More than ever before, healthcare facilities of all sizes are seeing the benefit of staffing locum tenens healthcare professionals, whether to replace full-time staff members or to simply relieve stressed employees from heavy workloads.
We’ve previously reported that the U.S. will be understaffed by 90,000 to 130,000 physicians within the next decade. This simple fact is the driving force behind much of the anxiety hospitals, private practices, and other healthcare organizations are feeling right now. Without enough qualified physicians and advanced-practice clinicians on staff, these facilities are having an increasingly difficult time seeing and treating the large influx of patients who need their care.
This stress is causing many full-time staff members to burn out. Back in 1982, Anthony J. Cedoline suggested in his book Job Burnout in Public Education: Symptoms, Causes, and Survival Skills that several major reasons for job burnout existed. These were:
- Poor communication and feedback.
- Too much work.
- Not enough control over one’s career path.
- Overload in the amount of contact employees have with colleagues or other people.
- Not enough direction over work type and responsibilities.
- Personal factors.
- Poor training.
While this study took place three decades ago and within a different industry, physicians and advanced-practice clinicians today are still burning out for all these reasons. Luckily, smart staffing managers at forward-thinking healthcare facilities have found a solution: locum tenens.
Here’s why locum tenens physicians and clinicians are playing a pivotal role in these unpredictable times:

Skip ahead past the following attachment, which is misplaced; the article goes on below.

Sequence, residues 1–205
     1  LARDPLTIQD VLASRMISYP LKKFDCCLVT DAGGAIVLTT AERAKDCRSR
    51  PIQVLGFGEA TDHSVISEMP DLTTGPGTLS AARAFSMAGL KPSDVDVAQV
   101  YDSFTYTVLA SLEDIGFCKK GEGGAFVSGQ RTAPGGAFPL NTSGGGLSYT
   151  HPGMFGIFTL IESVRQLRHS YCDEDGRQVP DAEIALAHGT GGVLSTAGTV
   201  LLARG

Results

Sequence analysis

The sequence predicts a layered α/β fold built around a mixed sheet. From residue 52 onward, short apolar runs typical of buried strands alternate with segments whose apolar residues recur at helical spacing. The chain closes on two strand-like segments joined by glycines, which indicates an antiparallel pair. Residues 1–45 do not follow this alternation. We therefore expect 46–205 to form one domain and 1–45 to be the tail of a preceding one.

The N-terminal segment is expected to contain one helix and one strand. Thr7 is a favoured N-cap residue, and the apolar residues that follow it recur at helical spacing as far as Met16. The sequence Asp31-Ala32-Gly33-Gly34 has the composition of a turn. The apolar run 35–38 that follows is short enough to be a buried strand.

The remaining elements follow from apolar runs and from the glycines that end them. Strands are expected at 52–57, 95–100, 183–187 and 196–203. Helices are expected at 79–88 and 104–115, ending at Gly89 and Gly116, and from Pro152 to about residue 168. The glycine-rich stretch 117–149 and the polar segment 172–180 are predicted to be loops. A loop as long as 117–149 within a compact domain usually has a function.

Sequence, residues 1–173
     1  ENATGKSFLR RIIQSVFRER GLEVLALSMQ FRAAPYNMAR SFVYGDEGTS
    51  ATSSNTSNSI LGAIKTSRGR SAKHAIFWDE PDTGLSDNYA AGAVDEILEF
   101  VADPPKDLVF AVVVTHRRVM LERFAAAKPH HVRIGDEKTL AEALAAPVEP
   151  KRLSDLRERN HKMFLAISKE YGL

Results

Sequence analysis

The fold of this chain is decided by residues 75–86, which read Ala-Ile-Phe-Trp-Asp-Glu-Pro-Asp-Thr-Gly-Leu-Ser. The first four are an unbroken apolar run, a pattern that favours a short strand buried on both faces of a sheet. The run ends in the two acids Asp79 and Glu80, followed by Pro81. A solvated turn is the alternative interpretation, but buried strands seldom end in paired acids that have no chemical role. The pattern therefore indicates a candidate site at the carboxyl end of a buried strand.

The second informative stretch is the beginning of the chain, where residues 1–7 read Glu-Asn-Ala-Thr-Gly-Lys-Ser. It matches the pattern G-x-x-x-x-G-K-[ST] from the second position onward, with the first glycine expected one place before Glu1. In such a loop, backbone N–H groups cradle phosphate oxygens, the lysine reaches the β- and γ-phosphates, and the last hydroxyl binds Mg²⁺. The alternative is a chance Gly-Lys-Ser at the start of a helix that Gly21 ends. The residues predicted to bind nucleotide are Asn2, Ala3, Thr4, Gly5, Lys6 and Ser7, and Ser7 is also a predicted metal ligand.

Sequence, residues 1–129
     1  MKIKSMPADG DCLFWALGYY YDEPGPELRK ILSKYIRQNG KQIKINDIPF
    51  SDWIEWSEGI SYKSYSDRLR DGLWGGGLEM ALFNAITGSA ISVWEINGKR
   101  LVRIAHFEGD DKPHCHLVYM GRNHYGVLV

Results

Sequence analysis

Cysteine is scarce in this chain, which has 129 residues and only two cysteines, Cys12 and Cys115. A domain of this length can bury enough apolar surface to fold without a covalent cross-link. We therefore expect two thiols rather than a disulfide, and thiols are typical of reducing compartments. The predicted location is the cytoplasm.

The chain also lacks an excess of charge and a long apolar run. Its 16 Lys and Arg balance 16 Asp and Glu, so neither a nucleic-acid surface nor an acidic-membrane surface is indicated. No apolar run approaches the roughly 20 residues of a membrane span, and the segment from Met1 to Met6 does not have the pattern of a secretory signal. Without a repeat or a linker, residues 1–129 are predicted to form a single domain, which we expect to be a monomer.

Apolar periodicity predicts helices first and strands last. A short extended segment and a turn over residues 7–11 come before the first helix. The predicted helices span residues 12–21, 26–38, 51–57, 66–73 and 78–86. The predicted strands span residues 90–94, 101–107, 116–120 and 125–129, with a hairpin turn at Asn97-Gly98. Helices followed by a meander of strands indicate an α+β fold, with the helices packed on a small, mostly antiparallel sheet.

They can handle ever-increasing patient volume. The U.S. population is aging. According to the Census Bureau, roughly 15 percent of the U.S. population is 65 years or older. The Department of Health and Human Services reported that by 2040, that number is expected to jump to nearly 22 percent. As we mentioned earlier, this will put increasing pressure on physicians, nurse practitioners, and physician assistants because there will not be enough of them to treat the aging population. (For more on this, see “Get the Facts: The Physician Shortage.”)
They keep operational costs down. Onboarding full-time employees often takes a lot of resources. HR personnel have to search for not only a great physician, NP, or PA, but also someone who is willing to switch jobs. The facility will then spend time and money training the new employee and covering their health insurance and other benefits. This isn’t the case with locum tenens, who can can quickly adjust to different work environments and often come with a less expensive price tag.
They reduce patient wait times. Some healthcare facilities that can’t keep up with the number of appointment requests they receive simply stop taking new patients, which has a direct effect both on their bottom lines and on how long those people have to wait to see a healthcare professional. Locum tenens providers offer immediately relief for these facilities and help get more patients seen sooner.
While the overall supply of physicians available to work full-time staff positions may be dwindling, the number of physicians, NPs, and PAs who are interested in giving locum tenens a try is sure to keep rising. Don’t neglect this opportunity to stabilize your practice and bring in more revenue!